|The gay rights activist David Kato was murdered in 2011 |
after a national newspaper published a 'hit list' of gay Ugandans
Legislation imposing strict criminal penalties on homosexuality could pass in Uganda imminently, after legislators resurrected a bill which has appeared on the country's parliamentary agenda on numerous occasions over the last three years.
The Anti-Homosexuality Bill was first submitted to the Ugandan parliament in 2009, and in its early stages would have allowed for the imposition of the death penalty in certain cases. When the bill was last on the agenda in May 2011 the bill's author David Bahati said capital punishment was "something we have moved away from", but the law would still have left gay Ugandans facing strict criminal penalties.
While it was hoped that the bill had perhaps disappeared for good when it was not passed last year, there has always been the danger that it would resurface, and it has been reported that Uganda's parliament speaker, Rebecca Kadaga, has suggested that it could now be passed
"as a Christmas gift" to Ugandans.
The bill has this week appeared on the Ugandan parliament's order of business as “order of business to follow”, which means that it could be debated at any time in the next few working days. If it is debated, it is expected that the country's legislators would vote in favour of its passage.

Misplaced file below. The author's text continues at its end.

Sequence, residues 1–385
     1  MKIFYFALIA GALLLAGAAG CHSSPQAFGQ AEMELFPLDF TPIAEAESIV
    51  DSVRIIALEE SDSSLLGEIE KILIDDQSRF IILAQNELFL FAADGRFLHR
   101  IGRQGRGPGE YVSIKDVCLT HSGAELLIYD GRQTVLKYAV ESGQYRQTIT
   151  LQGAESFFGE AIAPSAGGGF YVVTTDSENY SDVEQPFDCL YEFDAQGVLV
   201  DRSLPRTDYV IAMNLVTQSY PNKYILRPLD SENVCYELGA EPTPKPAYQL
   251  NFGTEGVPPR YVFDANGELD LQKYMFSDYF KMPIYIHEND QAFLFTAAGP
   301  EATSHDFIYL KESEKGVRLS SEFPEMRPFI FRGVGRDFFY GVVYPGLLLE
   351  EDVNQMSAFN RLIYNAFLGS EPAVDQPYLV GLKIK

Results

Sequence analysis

Ugandan gay rights activists have vowed to carry on resisting the bill, with Frank Mugisha, executive director of Sexual Minorities Uganda (SMUG), saying that his organisation "will continue to fight until we are free of this legislation". For campaigners in Uganda, gay rights are a life and death issue – in 2010 a national newspaper, Rolling Stone, published a list of names of gay Ugandans, alongside the headline "hang them", and in January 2011 on of SMUG's best-known activists, David Kato, was murdered in his home.
In response to the news of the possible imminent passing of the anti-gay law, a petition has been launched calling on Rebecca Kadaga and Uganda's president, Yoweri Museveni, to withdraw the bill.
International outcry is widely believed to have helped prevent the bill's passage on past occasions, so it's well-worth adding your own name to the 120,000+ who have signed already.